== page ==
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Kia and Hyundai settle lawsuit against vehicle theft




Kia and Hyundai agreed to settle a class-action lawsuit over a defect that made some vehicles easy to steal. According to Kia and Hyundai, the agreement is worth up to 200 million dollars. It will provide cash to customers whose vehicles were lost or damaged, as well as reimbursement for insurance deductibles, increased insurance premiums and other theft-related losses. the deal provides up to $300 to purchase steering wheel locks and other theft-deterrent or prevention devices, such as aftermarket alarm kits.” The city of Milwaukee was under siege because of the rash of stolen vehicles, and when no other firms were willing to take on Kia and Hyundai to hold them accountable, we decided we had to do something,”[ads1]; James Barton of Barton Cerjak SC, the law firm that first brought the case in June 2021, said in a statement. More than 60 lawsuits have since been filed across the country over the same issue. The rest of the company’s statement reads: “We are pleased that the hard work our company did and the resources we used raised awareness of the problem and ultimately contributed to this solution. We hope the solution developed by Kia and Hyundai will be implemented quickly, that all concerned owners will be appropriately compensated and that this problem will soon be a thing of the past. Our company remains committed to ensuring that justice is served to all those who have been affected.” In February, Kia announced a software fix to limit unauthorized operation of vehicle ignition systems on certain models not equipped with immobilizers.The new upgrades, which can be done at KIA dealers, include a longer-sounding alarm and a key requirement to start the vehicle . The software upgrade affects about four million vehicles nationwide , made before 2021, that require a regular key, not a fob. The repair can be done in about 30 to 40 minutes at a local dealer. Owners will also receive a sticker for their car , a warning to would-be thieves that the vehicle has been upgraded. A court must still approve the proposed settlement. “What we’re dealing with is a public safety crisis,” Barton said. “(The defect) made it so easy to steal that even middle school students did it in under a minute.” Barton said the amount people will receive in this lawsuit depends on how many make claims. A law firm associated with the case said settlement websites will “soon be made available to class members for more information.”

Kia and Hyundai agreed to settle a class-action lawsuit over a defect that made some vehicles easy to steal.

According to Kia and Hyundai, the agreement is worth up to 200 million dollars. It will provide cash to customers whose vehicles were lost or damaged, as well as reimbursement for insurance deductibles, increased insurance premiums and other theft-related losses.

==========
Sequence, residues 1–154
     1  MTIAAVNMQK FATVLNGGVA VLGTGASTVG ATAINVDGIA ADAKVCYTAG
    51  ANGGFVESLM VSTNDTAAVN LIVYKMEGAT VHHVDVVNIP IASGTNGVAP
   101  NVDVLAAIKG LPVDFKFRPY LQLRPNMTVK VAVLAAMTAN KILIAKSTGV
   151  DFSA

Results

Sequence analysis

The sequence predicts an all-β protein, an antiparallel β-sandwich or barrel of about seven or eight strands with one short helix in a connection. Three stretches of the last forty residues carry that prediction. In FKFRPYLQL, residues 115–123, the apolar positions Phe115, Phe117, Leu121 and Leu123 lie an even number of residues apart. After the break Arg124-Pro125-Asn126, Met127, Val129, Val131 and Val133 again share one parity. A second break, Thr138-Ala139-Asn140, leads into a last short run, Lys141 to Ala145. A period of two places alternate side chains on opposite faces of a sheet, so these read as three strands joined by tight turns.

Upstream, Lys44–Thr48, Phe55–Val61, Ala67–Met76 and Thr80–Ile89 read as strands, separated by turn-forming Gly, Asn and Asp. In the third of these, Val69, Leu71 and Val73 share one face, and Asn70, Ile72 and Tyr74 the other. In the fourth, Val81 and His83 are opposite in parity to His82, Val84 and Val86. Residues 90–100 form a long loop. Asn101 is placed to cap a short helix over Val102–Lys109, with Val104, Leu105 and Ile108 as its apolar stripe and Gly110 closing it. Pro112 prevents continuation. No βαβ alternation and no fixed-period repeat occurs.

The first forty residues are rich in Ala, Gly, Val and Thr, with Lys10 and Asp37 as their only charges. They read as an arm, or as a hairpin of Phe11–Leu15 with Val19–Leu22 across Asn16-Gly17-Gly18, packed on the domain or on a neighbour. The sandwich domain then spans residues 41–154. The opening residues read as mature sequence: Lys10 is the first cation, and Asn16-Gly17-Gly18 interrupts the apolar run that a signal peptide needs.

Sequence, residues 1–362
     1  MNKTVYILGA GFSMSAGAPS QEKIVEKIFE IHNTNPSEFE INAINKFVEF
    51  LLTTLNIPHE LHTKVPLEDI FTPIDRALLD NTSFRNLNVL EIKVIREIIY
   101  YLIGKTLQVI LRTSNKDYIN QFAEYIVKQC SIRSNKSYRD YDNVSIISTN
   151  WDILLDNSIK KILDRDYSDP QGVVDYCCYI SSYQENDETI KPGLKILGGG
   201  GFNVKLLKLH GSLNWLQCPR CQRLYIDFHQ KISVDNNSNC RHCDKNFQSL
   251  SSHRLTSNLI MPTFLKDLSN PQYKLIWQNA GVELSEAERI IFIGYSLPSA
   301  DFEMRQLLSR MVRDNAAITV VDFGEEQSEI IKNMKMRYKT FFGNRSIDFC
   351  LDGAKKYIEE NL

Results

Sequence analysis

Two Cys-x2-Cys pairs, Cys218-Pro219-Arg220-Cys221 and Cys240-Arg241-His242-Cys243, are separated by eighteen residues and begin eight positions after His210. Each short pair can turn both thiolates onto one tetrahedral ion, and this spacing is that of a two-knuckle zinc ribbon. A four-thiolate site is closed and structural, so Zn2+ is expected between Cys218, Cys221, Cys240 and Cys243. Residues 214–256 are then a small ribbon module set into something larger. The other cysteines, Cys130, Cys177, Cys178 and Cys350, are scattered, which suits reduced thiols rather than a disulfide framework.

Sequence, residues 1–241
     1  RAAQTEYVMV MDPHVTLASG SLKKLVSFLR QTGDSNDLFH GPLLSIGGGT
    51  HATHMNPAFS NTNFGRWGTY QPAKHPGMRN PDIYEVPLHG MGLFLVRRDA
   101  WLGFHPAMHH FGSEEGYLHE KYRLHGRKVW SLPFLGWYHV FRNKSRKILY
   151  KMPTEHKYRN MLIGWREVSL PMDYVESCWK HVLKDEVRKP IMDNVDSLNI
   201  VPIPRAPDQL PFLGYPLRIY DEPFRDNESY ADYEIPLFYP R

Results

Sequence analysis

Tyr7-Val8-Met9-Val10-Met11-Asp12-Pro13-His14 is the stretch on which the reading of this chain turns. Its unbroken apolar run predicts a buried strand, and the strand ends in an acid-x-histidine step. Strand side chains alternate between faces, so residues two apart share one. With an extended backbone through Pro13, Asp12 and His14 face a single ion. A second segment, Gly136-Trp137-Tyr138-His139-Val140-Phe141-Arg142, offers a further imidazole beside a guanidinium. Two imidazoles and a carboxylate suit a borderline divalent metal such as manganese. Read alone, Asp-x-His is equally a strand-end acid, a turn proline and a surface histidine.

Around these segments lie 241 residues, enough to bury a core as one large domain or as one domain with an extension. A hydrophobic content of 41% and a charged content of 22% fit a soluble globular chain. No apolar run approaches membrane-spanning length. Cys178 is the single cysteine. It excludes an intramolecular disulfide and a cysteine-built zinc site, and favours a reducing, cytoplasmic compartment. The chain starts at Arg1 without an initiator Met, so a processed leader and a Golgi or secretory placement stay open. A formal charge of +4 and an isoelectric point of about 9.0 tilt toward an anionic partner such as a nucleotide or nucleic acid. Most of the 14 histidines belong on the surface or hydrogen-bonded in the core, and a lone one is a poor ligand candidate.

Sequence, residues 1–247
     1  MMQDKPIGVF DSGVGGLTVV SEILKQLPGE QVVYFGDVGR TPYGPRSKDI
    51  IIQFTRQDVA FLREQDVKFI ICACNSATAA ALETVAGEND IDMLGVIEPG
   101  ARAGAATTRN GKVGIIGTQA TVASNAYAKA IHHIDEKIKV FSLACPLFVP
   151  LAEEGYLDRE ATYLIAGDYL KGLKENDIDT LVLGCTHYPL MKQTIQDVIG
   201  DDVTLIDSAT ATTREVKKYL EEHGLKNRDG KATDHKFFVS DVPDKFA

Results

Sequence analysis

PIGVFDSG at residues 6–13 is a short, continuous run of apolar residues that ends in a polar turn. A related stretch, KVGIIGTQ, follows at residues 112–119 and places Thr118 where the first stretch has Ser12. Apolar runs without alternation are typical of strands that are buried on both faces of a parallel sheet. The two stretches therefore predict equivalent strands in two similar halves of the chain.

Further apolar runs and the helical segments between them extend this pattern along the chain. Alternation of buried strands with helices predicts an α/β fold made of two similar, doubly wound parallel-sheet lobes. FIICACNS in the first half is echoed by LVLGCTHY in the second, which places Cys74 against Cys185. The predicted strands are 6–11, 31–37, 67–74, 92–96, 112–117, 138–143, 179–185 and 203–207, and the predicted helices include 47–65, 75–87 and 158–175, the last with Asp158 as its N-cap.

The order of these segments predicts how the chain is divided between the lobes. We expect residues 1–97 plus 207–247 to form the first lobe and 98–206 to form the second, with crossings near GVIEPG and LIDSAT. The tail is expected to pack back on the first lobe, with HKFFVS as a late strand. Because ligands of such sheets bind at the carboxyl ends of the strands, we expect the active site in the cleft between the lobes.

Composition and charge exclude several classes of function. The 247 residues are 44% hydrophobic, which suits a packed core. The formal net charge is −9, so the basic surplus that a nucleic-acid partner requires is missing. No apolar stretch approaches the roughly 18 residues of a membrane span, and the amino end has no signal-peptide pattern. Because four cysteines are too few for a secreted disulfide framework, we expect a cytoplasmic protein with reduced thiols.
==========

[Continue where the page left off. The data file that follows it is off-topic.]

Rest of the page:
For customers whose vehicles don’t have room for the free security software upgrade that Kia and Hyundai rolled out, the deal provides up to $300 toward the purchase of steering wheel locks and other anti-theft or prevention devices, such as aftermarket alarm kits.

“The city of Milwaukee was under siege from the rash of stolen vehicles, and when no other company was willing to take on Kia and Hyundai to hold them accountable, we decided we had to do something,” said James Barton of Barton Cerjak SC, the law firm that first brought the case in June 2021, in a statement.

More than 60 lawsuits have since been filed across the country over the same issue.

The rest of the company’s statement reads:

“We are pleased that the hard work our company did and the resources we used raised awareness of the problem and ultimately contributed to this solution. We hope the solution developed by Kia and Hyundai will be implemented quickly, that all affected owners will be properly compensated, and that this problem will soon be a thing of the past. Our firm remains committed to ensuring that justice is served to all those who have been affected.”

In February, Kia announced a software fix to limit unauthorized operation of the vehicle’s ignition systems on certain models not equipped with immobilizers. The new upgrades, which can be done at KIA dealers, include a longer-sounding alarm and a key requirement to start the vehicle.

The software upgrade affects around four million vehicles nationwide, made before 2021, and it requires a regular key, not a fob.

The repair can be done in about 30 to 40 minutes at a local dealer. Owners will also receive a sticker for their car, a warning to potential thieves that the vehicle has been upgraded.

A court must still approve the proposed settlement.

“What we’re dealing with is a public safety crisis,” Barton said. “(The defect) made stealing so easy that even middle school students did it in less than a minute.”

Barton said the amount people will receive in this lawsuit depends on how many make claims.

A law firm associated with the case said settlement websites will “soon be made available to class members for more information.”



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